New forms of influenza viruses can spur production of antibodies to past pandemics in people who lived through them
Exposure to new flu strains can stimulate production of antibodies against older versions of the virus, researchers have found. The work suggests how to make longer-lasting vaccines with broader flu-fighting capabilities.
Scientists had suspected that the immune system could draw on its prior experience to craft potent protection against future viruses. But there was no evidence before the new work, says Patrick Wilson, an immunologist at the University of Chicago.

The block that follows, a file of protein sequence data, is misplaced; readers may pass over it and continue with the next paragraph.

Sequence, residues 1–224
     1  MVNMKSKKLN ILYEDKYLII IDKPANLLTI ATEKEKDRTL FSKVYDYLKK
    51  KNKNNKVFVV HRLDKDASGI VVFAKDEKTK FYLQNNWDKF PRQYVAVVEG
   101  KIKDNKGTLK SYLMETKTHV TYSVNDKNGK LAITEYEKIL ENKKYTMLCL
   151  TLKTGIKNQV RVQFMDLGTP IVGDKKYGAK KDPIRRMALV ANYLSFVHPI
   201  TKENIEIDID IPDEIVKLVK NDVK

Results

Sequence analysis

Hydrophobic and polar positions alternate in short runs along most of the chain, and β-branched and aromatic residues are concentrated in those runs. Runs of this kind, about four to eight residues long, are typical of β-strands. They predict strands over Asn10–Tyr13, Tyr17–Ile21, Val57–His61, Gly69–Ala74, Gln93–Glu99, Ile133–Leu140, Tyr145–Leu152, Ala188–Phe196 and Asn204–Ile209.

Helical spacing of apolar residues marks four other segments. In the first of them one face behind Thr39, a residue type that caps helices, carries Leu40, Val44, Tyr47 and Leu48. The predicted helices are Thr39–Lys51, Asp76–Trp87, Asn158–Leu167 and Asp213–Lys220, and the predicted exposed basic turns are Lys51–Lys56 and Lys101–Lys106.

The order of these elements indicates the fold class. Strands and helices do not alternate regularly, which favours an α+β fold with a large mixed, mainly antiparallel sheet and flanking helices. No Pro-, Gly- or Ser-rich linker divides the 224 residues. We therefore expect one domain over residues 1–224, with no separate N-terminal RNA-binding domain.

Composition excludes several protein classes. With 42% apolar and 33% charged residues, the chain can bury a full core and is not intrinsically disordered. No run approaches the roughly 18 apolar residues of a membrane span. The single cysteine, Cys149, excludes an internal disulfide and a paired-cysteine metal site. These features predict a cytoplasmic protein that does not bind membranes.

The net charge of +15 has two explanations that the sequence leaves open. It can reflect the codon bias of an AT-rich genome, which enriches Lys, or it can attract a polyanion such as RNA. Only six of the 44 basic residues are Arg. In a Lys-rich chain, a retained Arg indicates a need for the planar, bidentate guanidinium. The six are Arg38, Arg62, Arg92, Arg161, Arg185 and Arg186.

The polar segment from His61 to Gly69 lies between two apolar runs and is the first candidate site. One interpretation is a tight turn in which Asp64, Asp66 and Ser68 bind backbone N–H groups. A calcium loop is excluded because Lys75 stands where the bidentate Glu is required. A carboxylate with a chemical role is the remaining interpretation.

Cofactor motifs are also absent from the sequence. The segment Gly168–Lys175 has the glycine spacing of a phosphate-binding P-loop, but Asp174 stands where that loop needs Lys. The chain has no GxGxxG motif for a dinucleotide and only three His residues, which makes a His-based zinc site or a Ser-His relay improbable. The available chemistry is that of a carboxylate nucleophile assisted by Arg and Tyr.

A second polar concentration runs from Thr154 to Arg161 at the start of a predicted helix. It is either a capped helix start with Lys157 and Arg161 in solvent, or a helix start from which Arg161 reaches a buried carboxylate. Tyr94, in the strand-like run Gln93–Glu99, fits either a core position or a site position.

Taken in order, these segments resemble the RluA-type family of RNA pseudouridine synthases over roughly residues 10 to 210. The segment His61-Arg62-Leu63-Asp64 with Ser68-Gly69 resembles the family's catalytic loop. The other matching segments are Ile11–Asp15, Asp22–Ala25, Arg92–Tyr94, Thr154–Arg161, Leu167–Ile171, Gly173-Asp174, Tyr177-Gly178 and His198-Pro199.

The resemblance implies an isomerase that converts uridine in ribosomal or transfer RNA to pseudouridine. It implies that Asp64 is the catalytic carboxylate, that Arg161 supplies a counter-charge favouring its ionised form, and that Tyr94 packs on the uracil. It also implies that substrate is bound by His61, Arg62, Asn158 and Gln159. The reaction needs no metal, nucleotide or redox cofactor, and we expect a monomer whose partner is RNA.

Peter Palese of the Icahn School of Medicine at Mount Sinai in New York City reports August 14 in Science Translational Medicine that he and his colleagues measured antibodies in blood samples drawn from 40 participants in the Framingham Heart Study. The people were born between 1917 and 1952 and lived through the flu pandemics that struck in 1957, 1968 and 1977. The participants volunteered blood samples at five-year intervals between 1987 and 2008.